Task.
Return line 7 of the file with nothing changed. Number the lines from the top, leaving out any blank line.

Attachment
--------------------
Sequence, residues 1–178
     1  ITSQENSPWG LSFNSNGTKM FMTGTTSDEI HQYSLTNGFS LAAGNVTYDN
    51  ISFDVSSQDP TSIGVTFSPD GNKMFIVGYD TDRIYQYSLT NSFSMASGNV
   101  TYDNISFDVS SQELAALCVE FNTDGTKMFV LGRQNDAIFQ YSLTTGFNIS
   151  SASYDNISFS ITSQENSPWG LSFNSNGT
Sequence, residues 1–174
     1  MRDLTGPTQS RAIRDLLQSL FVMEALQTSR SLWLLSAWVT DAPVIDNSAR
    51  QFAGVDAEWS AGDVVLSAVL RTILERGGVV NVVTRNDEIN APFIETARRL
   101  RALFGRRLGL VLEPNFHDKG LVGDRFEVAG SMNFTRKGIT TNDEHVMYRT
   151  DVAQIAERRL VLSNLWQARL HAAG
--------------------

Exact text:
     1  MRDLTGPTQS RAIRDLLQSL FVMEALQTSR SLWLLSAWVT DAPVIDNSAR